Friday, September 5, 2014

Casino Bankruptcies In Atlantic City And Their Repurcusions

English: The Showboat Casino in Atlantic City
English: The Showboat Casino in Atlantic City (Photo credit: Wikipedia)
The Labor Day weekend was the last business weekend for the Revel casino. Being a major taxpayer, together with the other three casinos exiting the market, a dip in tax collected by $10 billion is expected. The casino that had an initial capital of $2.4 billion has sunk into bankruptcy twice besides having a short life span.

The casino is not new to trouble as it walked into its first major loss before construction completion when Morgan Stanley left. This was in 2010 and it ended up opening two years late. The loss that amounted to $1.2 billion was a rough start. The competition from casinos in the neighbouring towns saw the management change strategies. The emphasis was on entertainment especially for the younger generation as opposed to gaming. The revenue in Atlantic City collected from gaming activities almost halved between 2006 and now.

With persistence losses even during peak periods, the casino has had to change strategies often. The first in line was the building plan that was adjusted to create more public space and one instead of the two hotels planned for. The closure on Monday was signified by few revellers, few independent restaurants open and fewer than usual dishes on the menu. Present were state troopers to avert any possible act of vandalism. This is after the Atlantic club closure was marred by such acts. The casino bankruptcies in Atlantic City will adversely affect the economy.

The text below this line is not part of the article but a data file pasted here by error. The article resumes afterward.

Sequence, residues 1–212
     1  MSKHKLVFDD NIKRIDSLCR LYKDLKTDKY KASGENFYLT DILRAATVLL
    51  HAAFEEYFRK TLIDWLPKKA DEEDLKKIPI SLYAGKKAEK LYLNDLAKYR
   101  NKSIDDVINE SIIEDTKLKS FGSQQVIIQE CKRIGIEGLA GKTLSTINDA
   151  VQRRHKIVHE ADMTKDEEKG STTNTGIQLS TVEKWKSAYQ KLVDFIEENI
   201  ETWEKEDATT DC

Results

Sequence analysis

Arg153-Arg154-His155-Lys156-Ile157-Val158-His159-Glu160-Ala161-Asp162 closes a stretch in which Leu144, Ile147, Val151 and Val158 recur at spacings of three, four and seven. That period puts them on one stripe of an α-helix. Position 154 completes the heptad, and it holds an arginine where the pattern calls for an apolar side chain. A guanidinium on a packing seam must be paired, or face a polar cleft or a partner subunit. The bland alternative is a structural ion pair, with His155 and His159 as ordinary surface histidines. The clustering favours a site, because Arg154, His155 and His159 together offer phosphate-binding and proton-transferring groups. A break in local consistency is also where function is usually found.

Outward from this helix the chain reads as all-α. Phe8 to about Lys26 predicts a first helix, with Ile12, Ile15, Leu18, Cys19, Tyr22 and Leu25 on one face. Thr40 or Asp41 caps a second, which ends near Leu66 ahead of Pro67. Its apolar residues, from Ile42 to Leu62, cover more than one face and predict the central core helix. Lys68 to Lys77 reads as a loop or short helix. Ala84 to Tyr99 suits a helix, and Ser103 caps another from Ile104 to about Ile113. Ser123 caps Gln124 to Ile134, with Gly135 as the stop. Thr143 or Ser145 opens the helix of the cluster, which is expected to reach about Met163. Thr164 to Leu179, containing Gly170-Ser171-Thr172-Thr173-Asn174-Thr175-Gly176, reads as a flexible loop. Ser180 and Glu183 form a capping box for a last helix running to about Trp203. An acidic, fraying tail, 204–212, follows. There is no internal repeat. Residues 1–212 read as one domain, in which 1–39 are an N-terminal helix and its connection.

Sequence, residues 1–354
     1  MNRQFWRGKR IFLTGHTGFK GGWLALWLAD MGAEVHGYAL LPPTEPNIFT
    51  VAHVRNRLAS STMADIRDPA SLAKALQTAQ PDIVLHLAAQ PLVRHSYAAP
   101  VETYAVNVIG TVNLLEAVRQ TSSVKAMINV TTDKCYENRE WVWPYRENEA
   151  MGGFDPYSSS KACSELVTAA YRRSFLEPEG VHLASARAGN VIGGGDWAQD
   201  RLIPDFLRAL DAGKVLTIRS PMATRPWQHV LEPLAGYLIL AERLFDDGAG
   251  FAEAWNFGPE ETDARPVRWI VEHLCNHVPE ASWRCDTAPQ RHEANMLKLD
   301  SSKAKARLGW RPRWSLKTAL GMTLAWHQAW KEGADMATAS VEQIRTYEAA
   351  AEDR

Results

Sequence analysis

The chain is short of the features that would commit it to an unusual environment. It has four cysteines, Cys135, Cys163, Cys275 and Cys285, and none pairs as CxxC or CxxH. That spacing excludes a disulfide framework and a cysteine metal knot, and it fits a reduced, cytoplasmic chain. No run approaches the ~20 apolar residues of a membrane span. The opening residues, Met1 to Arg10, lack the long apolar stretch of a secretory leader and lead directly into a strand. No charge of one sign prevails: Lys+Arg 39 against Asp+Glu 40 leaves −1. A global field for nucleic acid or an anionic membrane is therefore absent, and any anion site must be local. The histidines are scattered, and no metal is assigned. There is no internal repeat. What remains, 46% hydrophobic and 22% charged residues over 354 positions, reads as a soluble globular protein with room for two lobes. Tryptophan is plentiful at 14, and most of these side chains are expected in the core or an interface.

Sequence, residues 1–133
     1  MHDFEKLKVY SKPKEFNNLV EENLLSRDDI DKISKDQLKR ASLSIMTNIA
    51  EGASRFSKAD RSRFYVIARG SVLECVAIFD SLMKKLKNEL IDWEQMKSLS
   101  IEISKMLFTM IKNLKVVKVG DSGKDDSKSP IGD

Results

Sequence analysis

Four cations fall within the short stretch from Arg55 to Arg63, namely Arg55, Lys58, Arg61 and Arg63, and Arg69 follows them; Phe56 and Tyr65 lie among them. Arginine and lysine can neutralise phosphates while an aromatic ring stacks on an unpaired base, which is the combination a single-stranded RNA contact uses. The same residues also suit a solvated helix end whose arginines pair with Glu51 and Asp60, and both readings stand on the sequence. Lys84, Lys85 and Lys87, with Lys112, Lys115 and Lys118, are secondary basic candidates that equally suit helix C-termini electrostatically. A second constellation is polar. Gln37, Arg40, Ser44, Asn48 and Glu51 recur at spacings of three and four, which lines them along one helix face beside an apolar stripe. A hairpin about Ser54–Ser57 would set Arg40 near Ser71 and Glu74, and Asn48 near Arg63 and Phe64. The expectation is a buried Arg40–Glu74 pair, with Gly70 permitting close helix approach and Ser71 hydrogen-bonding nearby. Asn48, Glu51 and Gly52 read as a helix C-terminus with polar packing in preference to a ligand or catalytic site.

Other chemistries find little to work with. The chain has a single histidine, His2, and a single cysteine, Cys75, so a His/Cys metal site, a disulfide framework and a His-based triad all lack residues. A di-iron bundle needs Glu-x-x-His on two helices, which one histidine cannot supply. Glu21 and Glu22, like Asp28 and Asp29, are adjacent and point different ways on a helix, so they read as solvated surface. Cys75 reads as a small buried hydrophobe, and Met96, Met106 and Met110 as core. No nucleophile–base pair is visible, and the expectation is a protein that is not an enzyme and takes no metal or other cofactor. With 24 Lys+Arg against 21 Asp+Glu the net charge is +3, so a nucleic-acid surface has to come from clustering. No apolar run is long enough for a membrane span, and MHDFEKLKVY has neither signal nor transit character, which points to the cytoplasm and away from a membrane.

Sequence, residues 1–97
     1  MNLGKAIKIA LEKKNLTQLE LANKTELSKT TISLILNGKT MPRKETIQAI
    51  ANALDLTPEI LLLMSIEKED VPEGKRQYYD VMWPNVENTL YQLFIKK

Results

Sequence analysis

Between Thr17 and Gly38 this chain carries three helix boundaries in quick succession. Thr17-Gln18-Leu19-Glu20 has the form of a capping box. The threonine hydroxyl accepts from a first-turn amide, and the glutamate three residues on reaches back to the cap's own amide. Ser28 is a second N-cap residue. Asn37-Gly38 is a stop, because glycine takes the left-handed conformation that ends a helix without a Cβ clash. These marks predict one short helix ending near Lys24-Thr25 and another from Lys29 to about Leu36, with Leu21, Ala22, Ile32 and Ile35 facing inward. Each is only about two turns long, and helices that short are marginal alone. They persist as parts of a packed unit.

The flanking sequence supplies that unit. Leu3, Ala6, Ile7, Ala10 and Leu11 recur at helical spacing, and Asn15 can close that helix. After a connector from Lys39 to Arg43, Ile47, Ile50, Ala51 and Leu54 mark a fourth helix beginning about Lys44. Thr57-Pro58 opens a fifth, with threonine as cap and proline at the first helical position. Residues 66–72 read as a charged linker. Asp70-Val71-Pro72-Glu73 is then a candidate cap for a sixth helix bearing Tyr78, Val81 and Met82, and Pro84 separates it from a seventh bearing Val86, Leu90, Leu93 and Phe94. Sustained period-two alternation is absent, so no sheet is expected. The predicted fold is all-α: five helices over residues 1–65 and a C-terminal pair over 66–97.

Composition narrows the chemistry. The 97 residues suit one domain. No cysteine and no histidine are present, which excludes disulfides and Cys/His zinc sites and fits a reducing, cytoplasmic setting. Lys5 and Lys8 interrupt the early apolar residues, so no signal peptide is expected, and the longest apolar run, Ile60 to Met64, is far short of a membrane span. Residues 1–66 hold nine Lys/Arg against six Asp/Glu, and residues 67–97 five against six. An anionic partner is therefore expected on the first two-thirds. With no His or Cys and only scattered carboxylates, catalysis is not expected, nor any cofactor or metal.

With a record four casino bankruptcies in a year, the Atlantic City, the loss of employment opportunities is evident. The Showboat casino went down before the Revel while the Trump is set to close down on 16th September. The employees had mixed feelings. Some opted to work till the end while others were sceptical and took off for early vacations.

The cancellation of the bankruptcy proceeding of Revel AC Inc shortly after the closure of Revel was an unexpected twist of events. Claims of deals made with landlords, creditors and other stakeholders are credited for the twist. With decline in competition and the strategic location of Revel on the Oceanfront, David Berliner of BDO Consulting, New York anticipates a great deal. Though the property will lay low for a while before being sold, it is expected to raise an amount much lower than the capital used.

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